WASHINGTON — Qatar plans to attend the international conference on the Palestinian economy in Bahrain in June, Haaretz has learned.
Qatar is the third country to confirm its participation after Saudi Arabia and the United Arab Emirates, a source involved in organizing the conference told Haaretz.
Qatar has been under a Saudi-led blockade for almost two years, with Bahrain and the UAE, close allies of Saudi Arabia, also supporting it.
Should Bahrain allow a Qatari delegation to attend the conference, it would be a rare instance of cooperation between the sparring Gulf nations, and a gesture of goodwill on Saudi Arabia and UAE's part toward the Trump administration.
Qatar's Foreign Ministry said in a statement: “Qatar will spare no effort to contribute to addressing all the challenges facing the Arab region as a whole, while maintaining its firmed principled positions and the highest interests of the Arab peoples, including the brotherly Palestinian people."
The statement reaffirmed Qatar’s position that improving the state of the Palestinian economy will also require a political solution, “in accordance with a framework acceptable to the brotherly Palestinian people, based on ending the Israeli occupation and establishing a fully sovereign Palestinian state along the 1967 borders with East Jerusalem as its capital, in addition to the right of return for Palestinian refugees, in accordance with the relevant resolutions of international legitimacy.”
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The Qatari announcement came just days after the Palestinian Authority officially announced it would not participate in the conference, and called on other Arab countries not to support it.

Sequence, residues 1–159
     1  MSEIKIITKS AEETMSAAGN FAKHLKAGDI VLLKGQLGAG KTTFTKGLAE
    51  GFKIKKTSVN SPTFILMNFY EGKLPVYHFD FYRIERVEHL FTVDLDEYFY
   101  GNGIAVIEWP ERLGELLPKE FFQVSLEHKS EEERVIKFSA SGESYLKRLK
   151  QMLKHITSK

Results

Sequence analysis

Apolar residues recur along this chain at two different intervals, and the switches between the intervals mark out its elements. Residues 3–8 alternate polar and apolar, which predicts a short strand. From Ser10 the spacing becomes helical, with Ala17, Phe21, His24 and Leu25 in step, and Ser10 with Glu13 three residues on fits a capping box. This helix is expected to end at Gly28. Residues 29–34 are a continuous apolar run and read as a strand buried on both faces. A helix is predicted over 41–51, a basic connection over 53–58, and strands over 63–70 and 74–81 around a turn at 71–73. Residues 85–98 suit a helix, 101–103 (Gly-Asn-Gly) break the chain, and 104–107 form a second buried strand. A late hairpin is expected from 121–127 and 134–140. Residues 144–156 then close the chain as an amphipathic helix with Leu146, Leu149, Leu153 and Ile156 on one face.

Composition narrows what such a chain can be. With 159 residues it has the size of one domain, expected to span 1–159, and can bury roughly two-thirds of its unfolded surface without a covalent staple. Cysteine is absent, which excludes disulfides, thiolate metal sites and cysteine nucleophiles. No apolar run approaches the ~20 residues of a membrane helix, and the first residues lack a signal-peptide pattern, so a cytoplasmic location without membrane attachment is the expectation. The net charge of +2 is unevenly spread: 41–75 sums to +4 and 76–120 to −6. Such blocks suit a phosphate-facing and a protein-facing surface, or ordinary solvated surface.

Qatar has been the most significant donor for the Palestinians over the past year. It has recently pledged $480 million in support of the West Bank and Gaza, with most of the money intended for the Palestinian Authority.
The team working on the U.S. peace plan, which is led by Trump’s son-in-law and senior adviser, Jared Kushner, is poised to convince as many Arab countries as possible to attend the conference, despite the Palestinian objections to it.
The American delegation that includes Trump’s special envoy to the Middle East Jason Greenblatt, Kushner’s deputy Avi Berkowitz and U.S. Ambassador to Israel David Friedman, will be officially led by Secretary of the Treasury Steve Mnuchin.
Most other delegations are also expected to be represented by finance or economy ministers.
Qatar’s participation in the conference, alongside Saudi Arabia and the UAE, will likely lead to more countries joining it.
Palestinian President Mahmoud Abbas was in Qatar just this week, in order to discuss the country’s economic support of the Palestinians.
The country's decision to participate in the conference next month despite Palestinian opposition and its own feud with the other Gulf states, is a sign of the country’s close relations with the Trump administration.
Qatar's participation in the conference is seen by the administration as a major breakthrough and an achievement for the Kushner-led team, both because of the Palestinian objection to it as well as the Saudi-Qatari dispute.